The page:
As a book nerd, I've read just about every popular book series there is, and I have dozens of favorite novels. It seems like my favorite book changes like the phases of the moon, but there's one thing I'm absolutely sure of: the "Percy Jackson" series means the world to me.
If you've somehow never heard of the "Percy Jackson" series, allow me to enlighten you. Written by Rick Riordan, the "Percy Jackson" series follows twelve-year-old Percy Jackson as he discovers that he is the demigod son of Poseidon and attends a secret camp for kids like him in order to save the world many times over. It's a fast-paced series that, while intended for a middle-grades audience, enchants any and all who read it. Full of mythology, adventure, comedy, and heartfelt moments, the "Percy Jackson" series has earned its fame with good reason.
I first read the "Percy Jackson" series when I was ten years old, and now, nearly a decade later, it is still my favorite book series of all time. It's taught me valuable lessons, and here are ten of the most important.
1. There's a lot to learn about the world
Percy and his demigod friends are always going off on whirlwind adventures to save the world, taking them across the country and around the globe. They did what they needed to do to get things done, and as I begin my own quests and my own adventures, I learn that I, too, need to learn all that I can on my travels in order to be successful. There is never just one side to the story, never just one explanation for how something can be.
2. You can find great friends in unlikely places
On his many adventures, Percy made friends in the strangest of places with the most unique stories. He always welcomed people in with a warm heart and fought for them, with them, fiercely. His loyalty and kindness inspire me to look after my friends and to never fear about making new ones too. New stages of life bring new people, and those new people might just be people that are meant to stick around.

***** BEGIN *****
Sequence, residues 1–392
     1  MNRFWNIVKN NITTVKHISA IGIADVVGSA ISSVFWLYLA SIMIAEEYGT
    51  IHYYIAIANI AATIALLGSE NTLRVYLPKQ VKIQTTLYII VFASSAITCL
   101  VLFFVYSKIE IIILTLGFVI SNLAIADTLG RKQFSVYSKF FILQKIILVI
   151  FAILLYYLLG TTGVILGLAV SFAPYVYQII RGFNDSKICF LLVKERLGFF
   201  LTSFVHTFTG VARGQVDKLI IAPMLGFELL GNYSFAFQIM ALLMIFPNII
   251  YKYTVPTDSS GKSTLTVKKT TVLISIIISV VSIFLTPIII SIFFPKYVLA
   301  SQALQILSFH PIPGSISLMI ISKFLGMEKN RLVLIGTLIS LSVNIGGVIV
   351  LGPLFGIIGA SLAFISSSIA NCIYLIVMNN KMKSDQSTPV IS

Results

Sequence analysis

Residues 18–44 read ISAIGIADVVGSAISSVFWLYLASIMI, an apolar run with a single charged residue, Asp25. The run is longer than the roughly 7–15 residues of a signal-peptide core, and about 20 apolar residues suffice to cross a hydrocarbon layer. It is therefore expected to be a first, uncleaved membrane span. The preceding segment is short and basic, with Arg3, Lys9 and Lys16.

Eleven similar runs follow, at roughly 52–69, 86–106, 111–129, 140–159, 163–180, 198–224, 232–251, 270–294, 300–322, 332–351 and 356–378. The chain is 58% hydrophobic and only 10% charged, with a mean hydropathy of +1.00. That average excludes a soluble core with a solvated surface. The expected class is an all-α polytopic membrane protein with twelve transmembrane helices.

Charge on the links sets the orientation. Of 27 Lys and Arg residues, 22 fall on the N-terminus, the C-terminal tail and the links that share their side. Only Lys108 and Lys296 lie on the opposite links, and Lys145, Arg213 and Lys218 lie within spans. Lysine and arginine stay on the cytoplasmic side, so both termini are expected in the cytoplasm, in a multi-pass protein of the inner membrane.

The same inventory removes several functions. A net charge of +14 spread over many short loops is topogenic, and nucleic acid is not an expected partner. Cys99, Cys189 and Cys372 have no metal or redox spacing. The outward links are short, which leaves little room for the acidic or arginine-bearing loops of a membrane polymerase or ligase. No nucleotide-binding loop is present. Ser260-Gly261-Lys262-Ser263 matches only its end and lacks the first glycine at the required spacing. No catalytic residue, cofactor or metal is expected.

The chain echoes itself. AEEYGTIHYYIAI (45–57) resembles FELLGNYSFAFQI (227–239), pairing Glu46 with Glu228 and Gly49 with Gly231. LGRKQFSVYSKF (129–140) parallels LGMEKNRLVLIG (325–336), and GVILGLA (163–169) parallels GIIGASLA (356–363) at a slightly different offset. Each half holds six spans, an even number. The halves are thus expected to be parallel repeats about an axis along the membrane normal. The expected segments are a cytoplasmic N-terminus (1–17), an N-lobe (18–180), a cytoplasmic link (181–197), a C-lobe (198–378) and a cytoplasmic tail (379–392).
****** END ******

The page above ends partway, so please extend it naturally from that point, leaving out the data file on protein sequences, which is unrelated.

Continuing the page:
3. To understand the present and future, you must understand the past
The Oracle and her prophecies are a central theme of the "Percy Jackson" books, and while there's no mystical mummy lady spewing out ancient prophecies whenever I have a problem, the power of reflection and introspection has proven to be a valuable one. Taking the time to pause and think about your current situation, whether good or bad, can give you the clarity necessary to move forward. While our emotions are good and should not be ignored, they can sometimes cloud our judgment. Sometimes, the best way to understand our current situations is to think about how we got there and how we can move forward.
4. Not everyone has the best intentions
As the most powerful demigod of his age, Percy was bound to have some enemies, and sometimes, finding out who those enemies were was enough to overwhelm him. They've been strangers, gods, mortals, and even friends. While there are no evil Titans set to destroy me, there have been those whose intentions might not have been pure during the course of my life. I remember how they've wronged me, and while it hurt, I understand that some people are not always meant to be in your story. Sometimes, they're there to make you stronger once they leave.